Digitization of Education

A Teacher’s Perspective

As part of my interest in education worldwide, I am very keen to give my students information through the most modern up-to-date technology available. I also believe in quality education, which, according to the United Nations, is the fourth Sustainable Development Goal that contributes to the achievement of other goals.
I can contribute to quality education through various roles and at different levels. Inside the classroom, for example, and after reviewing the results of school exams, I noticed that some students are weak in more than one subject, but the weakest seems to be science. Various studies recommend using augmented reality in education as a form of learning, through smartphone applications.

Photo courtesy of Ministry of Education and Higher Education.
Photo courtesy of Ministry of Education and Higher Education.

 

Having to live with the constant and frequently unpredictable electricity cuts that are a daily reality in the Gaza Strip and trying to cope with its negative impact on both the learning process inside the classroom and the ability to study at home, inspired me to create an application that would allow my students to make best use of the time when electricity is in fact available. I was sure that by utilizing augmented reality to explain important learning material, the achievement levels of our students could be increased. I called the application TAJSEEM (Arabic for realization), and there are two stages: the first covers the science and geography curriculum of fifth grade, while the second stage covers the science curriculum for seventh grade. This application aims to help raise students’ grades by engaging them inside and outside the classroom, giving them vivid and memorable learning experiences that hopefully will last even after they graduate.

TAJSEEM is free and can be downloaded via Google play. It has been used and positively evaluated by students and parents.

The application has many unique features. It projects 3D models for a myriad of subjects, has audio to make it easier for students to repeat and comprehend the explanation, and features images and photos to create visual impact and foster a wider understanding. But I also had another goal, namely to change the methods of teaching science, to shift from traditional ways to the use of modern techniques. Furthermore, this was a way of demonstrating to students that they can use their mobile phones in a positive manner and enhance their learning rather than just play games and watch movies.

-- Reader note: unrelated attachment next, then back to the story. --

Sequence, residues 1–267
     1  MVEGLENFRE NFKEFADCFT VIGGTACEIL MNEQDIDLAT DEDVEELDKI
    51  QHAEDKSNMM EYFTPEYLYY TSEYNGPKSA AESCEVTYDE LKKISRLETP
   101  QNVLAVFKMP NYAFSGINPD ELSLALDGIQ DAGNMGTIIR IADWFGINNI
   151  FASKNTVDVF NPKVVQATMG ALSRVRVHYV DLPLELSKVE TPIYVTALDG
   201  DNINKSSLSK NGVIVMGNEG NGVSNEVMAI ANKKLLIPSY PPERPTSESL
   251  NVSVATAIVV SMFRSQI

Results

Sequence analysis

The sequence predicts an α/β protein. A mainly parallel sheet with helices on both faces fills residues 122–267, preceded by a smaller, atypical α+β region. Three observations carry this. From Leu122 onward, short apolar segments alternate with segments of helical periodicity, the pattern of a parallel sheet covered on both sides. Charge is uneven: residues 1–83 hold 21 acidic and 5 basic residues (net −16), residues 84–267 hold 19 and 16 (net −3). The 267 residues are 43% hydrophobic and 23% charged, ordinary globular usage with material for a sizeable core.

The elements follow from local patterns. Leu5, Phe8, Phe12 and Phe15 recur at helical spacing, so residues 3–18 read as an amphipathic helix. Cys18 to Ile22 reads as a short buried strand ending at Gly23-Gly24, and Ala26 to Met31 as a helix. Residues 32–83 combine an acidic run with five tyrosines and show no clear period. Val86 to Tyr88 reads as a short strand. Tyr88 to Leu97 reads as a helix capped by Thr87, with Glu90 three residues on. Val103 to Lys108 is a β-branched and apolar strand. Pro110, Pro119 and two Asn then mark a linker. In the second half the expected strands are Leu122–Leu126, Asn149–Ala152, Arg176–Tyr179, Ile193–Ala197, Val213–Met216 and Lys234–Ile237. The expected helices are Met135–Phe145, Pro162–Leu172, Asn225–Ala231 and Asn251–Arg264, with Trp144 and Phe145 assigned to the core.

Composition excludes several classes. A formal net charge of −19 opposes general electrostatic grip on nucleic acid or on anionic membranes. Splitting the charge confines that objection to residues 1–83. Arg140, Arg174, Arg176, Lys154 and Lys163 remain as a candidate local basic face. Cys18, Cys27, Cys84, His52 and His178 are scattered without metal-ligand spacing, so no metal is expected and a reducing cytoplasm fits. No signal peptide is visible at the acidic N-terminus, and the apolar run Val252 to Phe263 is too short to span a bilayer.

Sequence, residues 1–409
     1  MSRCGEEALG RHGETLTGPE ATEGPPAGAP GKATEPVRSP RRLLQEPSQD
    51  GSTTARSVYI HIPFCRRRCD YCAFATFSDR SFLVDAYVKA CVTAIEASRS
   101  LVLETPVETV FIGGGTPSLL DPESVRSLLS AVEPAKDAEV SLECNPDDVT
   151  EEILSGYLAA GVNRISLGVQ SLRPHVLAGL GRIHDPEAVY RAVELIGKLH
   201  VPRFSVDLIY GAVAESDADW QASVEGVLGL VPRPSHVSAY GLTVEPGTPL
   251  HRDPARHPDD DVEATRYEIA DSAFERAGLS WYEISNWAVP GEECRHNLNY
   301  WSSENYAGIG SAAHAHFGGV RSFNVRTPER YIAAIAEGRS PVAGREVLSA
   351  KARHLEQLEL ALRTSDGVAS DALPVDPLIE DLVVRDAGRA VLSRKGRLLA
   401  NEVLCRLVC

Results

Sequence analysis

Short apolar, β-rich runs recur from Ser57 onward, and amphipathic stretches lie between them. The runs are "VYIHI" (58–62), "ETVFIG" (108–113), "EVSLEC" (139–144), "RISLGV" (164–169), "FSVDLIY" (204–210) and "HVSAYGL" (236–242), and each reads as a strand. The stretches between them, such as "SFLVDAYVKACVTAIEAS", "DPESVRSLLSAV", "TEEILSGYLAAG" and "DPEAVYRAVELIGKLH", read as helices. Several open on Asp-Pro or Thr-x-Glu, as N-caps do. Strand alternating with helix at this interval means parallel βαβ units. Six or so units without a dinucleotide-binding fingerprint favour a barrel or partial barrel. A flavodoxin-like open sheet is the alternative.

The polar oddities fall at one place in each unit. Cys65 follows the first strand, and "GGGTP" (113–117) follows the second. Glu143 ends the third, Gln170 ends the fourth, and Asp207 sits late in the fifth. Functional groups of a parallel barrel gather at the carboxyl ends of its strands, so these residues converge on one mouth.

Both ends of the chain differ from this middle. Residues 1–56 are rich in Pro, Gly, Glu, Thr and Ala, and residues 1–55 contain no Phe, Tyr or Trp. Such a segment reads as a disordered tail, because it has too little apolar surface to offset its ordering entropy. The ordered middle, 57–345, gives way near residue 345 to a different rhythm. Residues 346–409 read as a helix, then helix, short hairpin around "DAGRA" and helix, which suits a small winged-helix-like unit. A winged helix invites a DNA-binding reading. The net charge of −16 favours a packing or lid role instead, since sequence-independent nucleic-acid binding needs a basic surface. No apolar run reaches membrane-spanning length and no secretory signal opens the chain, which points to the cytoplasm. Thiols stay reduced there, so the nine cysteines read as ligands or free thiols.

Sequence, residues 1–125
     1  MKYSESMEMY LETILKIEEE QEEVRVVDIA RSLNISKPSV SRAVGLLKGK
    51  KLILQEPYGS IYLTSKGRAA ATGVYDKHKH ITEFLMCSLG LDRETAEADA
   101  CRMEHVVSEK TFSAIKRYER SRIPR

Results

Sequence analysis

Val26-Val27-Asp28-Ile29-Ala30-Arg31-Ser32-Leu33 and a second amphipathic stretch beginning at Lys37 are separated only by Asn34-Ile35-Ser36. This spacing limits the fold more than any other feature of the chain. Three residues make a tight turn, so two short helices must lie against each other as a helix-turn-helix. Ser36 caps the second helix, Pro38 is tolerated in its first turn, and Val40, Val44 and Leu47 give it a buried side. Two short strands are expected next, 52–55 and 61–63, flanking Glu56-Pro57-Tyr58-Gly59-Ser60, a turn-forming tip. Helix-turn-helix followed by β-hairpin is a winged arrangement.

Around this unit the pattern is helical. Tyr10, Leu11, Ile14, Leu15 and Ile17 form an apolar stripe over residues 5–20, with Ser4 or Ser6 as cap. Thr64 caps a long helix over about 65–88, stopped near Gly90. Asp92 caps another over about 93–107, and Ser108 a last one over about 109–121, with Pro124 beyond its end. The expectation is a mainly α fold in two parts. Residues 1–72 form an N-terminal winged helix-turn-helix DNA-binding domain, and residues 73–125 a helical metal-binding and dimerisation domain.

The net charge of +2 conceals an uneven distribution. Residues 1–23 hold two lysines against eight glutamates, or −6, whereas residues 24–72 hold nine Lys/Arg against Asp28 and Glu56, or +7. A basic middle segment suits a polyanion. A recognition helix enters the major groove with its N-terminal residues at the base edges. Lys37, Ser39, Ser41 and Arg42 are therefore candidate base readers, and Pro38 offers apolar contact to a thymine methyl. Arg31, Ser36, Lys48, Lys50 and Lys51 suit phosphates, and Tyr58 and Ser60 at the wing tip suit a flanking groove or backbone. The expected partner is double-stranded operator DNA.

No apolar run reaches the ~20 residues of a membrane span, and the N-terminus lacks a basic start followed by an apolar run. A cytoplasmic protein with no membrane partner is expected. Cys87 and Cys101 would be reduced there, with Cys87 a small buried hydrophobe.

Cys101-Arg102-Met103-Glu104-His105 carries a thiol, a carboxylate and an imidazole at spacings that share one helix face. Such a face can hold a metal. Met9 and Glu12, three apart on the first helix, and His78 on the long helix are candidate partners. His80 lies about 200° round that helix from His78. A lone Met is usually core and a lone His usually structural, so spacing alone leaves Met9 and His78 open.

We soon noticed that students began to use the application for the science and geography curriculum, which was a great success and a unique and new experience not only for them but also for their parents. After downloading the application, students can scan a page of their textbook where there is, for example, a picture of a body limb or a diagram representing an operation on an organ. The application recognizes the diagram or the image and transforms it into a 3D model, giving full details in audio.
Teachers were equally happy with the experience because the application supports their explanation of a topic at hand and allows them to visualize text from a book through 3D models. Similarly, parents were aided in their efforts to explain to their children some of the most difficult scientific topics.

data-digi

TAJSEEM has recently been presented at the “Startup Weekend Education Gaza,” organized by Google, which targets entrepreneurs and innovators who have creative ideas that advance education. I was very proud to introduce my application to a group of professors, specialists, and mentors from Palestinian and international universities who selected me to become a member of the committee of distinguished teachers in the Gaza directorate.
I am certain that what I have created is just the beginning of what is known as digitalizing education. In a world in which technology is evolving very fast, we should create more applications that allow students to better familiarize themselves with the information they are studying. We need applications that help them link information to its usage in the real world. Many students question their ability to use the information they learn in their day-to-day life. I believe that these are valid questions and that students must be made aware of the importance of the information they receive. But how can they be more aware of the importance of education? They must be shown where education can lead them. By showing them what these little pieces of information can accomplish, we can make sure that students will do better in school and develop goals and aspirations. Mobile applications are an easy and smart way of presenting the information they need, giving them access to quality education. I have taken a very simple step in that direction and hope that others may follow on this path.

 

Hanan Mustafa is a teacher at the Shujaiya Secondary School for Girls in the Gaza Strip where she teaches girls in the tenth grade and creates applications that aid visualization and explanation of science curricula for students in various grades. Born in Gaza, she holds a BA in education.